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Former colleague remembers T.J. Cunnigham

Former CU football star was shot to death over parking spot dispute.

DENVER — Three years later, Julie Stephens can hardly hold back her tears talking about the life and death of her good friend and former colleague T.J. Cunningham.

"It's still so raw, it's still raw to so many of us," Stephens said. "When the news hit Hinkley High School that he had been shot, we couldn't even breathe. It's like the heartbeat of the school just stopped.".

In February 2019, Cunningham was murdered as a result of an ongoing dispute over a parking spot with a man who lived in his Aurora neighborhood. 

According to prosecutors, the two men agreed to settle the dispute in the parking lot of nearby Eaglecrest High School, where Cunningham was then shot and killed. On Thursday, Marcus Johnson was found guilty of second-degree murder. 

"It's justice. It's justice for T.J. Cunningham," Stephens said. "I'm hoping that it brings some peace and closure to T.J.'s family and gives them an opportunity to heal."

The 46-year-old Cunningham was a married father of five children. He was a Colorado native and a star football player at the University of Colorado who played one year in the NFL. When his playing days were over, he came back to Colorado and became an educator. First, a special education teacher and later an assistant principal at Hinkley High School, where he worked for the last three years of his life with Julie Stephens.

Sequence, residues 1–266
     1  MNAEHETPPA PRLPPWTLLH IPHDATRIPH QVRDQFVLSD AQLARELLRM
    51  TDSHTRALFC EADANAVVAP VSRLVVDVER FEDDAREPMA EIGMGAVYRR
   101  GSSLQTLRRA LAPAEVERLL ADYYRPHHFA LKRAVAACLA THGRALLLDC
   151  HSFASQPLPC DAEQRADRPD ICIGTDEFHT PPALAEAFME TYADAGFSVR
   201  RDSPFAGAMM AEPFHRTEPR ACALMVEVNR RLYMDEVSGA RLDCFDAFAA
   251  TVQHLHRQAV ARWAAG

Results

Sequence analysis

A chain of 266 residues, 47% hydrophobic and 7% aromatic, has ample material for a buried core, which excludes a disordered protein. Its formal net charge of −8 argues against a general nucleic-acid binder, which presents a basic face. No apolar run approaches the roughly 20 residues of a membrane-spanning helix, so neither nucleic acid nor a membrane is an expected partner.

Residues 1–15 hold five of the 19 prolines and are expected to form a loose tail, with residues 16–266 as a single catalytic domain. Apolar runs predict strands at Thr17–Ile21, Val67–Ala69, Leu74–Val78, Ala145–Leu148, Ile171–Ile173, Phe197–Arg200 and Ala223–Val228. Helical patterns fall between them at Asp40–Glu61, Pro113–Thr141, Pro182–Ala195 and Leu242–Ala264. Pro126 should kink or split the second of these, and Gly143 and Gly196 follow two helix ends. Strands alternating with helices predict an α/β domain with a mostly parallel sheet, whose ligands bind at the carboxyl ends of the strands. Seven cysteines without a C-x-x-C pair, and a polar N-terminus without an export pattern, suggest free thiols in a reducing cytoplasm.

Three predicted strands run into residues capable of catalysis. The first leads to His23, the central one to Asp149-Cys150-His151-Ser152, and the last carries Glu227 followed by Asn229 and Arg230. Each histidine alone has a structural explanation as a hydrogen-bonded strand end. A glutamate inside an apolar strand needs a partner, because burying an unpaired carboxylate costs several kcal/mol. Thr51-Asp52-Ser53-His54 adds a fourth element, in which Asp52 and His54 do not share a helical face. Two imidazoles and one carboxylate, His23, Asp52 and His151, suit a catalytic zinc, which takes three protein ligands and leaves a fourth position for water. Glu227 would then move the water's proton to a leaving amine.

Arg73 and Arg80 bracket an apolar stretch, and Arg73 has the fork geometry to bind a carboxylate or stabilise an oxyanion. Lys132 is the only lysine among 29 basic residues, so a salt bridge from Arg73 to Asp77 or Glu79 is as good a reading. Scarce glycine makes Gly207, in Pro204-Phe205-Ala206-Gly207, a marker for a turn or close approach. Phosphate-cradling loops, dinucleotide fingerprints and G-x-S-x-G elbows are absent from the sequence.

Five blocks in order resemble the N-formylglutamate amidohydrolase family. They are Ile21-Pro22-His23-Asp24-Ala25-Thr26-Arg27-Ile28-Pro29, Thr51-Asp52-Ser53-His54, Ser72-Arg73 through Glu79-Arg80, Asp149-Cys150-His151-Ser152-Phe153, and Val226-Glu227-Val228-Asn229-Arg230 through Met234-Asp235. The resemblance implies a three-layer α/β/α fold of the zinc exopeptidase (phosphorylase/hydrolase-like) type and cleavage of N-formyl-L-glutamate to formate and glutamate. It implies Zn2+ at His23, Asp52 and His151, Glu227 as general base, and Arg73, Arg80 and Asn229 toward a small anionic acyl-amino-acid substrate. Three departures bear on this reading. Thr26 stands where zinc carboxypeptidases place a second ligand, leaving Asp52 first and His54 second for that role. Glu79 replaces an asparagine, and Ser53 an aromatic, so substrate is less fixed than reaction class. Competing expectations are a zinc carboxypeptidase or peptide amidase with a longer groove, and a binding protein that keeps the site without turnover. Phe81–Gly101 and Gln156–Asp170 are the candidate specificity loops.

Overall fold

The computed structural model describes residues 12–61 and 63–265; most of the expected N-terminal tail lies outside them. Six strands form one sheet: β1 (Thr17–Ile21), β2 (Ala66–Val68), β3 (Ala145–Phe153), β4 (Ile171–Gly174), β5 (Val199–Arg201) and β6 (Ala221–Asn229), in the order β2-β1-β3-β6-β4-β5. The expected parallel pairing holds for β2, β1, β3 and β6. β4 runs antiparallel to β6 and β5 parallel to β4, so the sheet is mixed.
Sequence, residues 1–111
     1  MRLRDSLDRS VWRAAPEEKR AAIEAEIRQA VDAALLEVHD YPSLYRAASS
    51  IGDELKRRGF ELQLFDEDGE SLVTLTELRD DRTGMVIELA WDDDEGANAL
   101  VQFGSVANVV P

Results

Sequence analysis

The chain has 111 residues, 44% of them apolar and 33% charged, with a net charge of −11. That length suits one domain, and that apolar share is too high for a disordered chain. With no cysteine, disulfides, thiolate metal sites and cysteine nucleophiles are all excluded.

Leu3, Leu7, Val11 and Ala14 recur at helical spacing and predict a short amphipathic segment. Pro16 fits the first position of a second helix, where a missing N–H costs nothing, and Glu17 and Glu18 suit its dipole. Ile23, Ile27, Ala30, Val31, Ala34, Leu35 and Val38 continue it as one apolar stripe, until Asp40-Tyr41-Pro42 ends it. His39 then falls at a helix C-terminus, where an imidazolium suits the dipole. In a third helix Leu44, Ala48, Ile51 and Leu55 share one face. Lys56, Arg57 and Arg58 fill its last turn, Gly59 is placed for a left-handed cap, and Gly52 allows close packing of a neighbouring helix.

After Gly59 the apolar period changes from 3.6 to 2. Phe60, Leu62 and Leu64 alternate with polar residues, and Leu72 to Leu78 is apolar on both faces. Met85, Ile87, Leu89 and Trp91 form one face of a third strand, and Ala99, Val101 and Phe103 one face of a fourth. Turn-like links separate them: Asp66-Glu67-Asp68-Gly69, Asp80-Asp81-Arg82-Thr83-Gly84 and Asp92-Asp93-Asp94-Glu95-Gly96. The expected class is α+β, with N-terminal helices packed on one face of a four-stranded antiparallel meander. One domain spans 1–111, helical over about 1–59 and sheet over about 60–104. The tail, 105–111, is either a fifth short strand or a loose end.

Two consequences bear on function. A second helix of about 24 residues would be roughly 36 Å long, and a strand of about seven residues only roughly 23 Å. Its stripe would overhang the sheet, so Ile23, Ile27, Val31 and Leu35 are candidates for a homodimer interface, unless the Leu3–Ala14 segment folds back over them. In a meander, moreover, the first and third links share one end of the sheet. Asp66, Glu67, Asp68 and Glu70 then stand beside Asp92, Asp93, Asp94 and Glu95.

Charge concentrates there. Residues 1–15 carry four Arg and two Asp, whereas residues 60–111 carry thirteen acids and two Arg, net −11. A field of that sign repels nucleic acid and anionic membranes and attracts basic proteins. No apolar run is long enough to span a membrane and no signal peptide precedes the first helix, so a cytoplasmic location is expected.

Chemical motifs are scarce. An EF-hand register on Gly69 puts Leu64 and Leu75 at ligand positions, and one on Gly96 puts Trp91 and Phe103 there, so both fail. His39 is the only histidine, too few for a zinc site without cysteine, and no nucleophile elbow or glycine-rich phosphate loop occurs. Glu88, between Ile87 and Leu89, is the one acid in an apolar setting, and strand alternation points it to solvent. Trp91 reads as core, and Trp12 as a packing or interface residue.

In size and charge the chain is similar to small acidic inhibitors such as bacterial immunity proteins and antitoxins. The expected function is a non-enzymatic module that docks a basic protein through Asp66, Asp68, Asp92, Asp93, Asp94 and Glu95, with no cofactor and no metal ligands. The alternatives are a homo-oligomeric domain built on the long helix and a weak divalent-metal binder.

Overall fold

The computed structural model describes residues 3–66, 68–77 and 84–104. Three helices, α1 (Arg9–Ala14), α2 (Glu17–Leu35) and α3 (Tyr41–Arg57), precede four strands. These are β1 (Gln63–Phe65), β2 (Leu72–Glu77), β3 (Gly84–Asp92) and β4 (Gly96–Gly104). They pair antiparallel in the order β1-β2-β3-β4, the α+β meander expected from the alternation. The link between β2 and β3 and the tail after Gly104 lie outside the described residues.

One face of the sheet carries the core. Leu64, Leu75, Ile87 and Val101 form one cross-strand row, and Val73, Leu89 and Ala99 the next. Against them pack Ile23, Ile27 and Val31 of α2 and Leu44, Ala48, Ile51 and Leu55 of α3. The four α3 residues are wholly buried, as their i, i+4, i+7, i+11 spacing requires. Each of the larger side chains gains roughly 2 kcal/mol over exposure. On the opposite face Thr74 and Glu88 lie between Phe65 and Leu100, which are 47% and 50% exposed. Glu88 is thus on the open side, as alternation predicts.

"He was just there for everyone," Stephens said. "He just made you feel better about yourself, just spending a few minutes with him."

Stephens described Cunningham as kind, funny and compassionate. A man, she said, with a magnetic personality who was driven to improve the lives of young people.  

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"He was a champion, he was always looking at the strength of kids and always looking at their potential," Stephens said.

According to Stephens, Cunningham's death -- and especially the violent way he died -- shook the Hinkley High School community at the time, and has left her shaken to this day.

"It's still really hard to process and really fathom," Stephens said. "He left a void in the community that will never be filled."

Marcus Johnson, the man convicted of killing Cunningham, will be sentenced on December 2. He faces up to 48 years in prison.  

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